For teenagers on the brink of their adult lives, estate planning may seem like a task only older people in Oklahoma do. However, putting the right documents in place is an essential part of making sure that 18-year-olds and their parents are protected should a tragedy occur.
In Oklahoma and across the country, most parents lose their ability to make financial and medical decisions for their children once the kids turn 18. All too often, however, 18-year-olds still rely on their parents in some way, even if it is just putting them down as an emergency contact. Yet in an emergency, parents may have to jump through legal hoops to work with the teen’s physician if the teen is incapacitated.
Forbes magazine points out that there are several estate planning tools that can be used to ensure that a teenager’s parents can make critical decisions when and if the time comes. Those documents include the following:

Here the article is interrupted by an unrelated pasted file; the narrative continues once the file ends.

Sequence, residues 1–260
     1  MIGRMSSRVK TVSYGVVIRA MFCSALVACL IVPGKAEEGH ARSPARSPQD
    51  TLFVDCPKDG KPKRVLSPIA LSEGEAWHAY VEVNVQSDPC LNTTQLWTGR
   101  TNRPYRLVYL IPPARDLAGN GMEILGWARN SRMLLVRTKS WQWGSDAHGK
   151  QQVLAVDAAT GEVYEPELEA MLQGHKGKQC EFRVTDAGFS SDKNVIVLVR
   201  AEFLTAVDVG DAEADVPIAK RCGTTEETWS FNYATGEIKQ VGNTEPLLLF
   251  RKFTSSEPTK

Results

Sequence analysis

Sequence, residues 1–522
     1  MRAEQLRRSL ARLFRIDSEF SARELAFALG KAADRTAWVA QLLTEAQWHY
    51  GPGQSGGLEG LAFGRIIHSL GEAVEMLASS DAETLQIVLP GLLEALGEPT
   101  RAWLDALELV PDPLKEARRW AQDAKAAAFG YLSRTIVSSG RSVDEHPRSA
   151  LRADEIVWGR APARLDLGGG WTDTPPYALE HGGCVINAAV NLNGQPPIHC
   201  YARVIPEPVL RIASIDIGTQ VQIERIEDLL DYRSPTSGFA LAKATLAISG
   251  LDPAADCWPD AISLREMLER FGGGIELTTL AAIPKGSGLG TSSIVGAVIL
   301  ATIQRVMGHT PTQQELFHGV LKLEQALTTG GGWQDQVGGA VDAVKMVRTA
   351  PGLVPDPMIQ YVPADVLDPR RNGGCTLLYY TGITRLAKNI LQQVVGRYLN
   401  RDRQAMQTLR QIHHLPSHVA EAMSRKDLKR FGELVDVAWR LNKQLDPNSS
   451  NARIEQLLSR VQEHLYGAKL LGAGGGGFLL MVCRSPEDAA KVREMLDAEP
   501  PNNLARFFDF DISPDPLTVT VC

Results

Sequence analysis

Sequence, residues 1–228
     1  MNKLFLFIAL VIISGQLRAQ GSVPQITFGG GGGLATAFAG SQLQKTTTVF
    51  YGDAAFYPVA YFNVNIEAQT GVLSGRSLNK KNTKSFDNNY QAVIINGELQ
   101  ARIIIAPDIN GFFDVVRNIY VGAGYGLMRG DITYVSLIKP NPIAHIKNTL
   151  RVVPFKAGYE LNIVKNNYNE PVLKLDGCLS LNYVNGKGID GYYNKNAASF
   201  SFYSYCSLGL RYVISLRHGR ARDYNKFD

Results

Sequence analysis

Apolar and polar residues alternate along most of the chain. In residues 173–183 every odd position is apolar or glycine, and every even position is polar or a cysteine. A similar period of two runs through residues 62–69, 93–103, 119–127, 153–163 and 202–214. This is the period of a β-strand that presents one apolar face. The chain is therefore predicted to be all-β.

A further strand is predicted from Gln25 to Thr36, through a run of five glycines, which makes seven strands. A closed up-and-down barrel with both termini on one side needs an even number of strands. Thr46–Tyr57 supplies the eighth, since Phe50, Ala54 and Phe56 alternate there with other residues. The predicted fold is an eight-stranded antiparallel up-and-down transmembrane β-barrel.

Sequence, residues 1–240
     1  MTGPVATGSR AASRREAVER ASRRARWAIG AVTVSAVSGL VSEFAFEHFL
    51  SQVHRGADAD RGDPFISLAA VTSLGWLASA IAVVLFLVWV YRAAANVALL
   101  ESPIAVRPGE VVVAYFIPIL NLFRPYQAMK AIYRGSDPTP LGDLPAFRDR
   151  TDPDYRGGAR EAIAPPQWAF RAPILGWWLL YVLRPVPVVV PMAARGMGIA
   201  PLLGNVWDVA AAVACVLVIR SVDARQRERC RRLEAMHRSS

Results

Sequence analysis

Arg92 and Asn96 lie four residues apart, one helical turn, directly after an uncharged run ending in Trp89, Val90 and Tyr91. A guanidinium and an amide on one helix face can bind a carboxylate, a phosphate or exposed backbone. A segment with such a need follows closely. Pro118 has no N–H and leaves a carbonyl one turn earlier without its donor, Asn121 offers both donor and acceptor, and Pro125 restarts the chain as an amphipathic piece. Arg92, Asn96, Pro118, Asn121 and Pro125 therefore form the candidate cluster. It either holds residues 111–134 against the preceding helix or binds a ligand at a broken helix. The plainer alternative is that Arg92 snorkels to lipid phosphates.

- A living will, which enables the 18-year-old to determine his or her wishes for end-of-life care.
- A power of attorney, which enables a parent to manage any financial matters.
- A health care power of attorney, which enables a parent to make medical decisions.
Experts also recommend that 18-year-olds fill out a Health Insurance Portability and Accountability Act authorization, which would ensure that a parent could gain access to medical records.
Under Oklahoma’s Uniform Durable Power of Attorney Act, a teenager could designate anyone who is compliant with the state’s requirements to manage health care decisions. For this and for the other estate planning documents, experts generally recommend listing a parent or guardian as the designee. In situations where that is not possible, another trusted adult should be given the responsibility.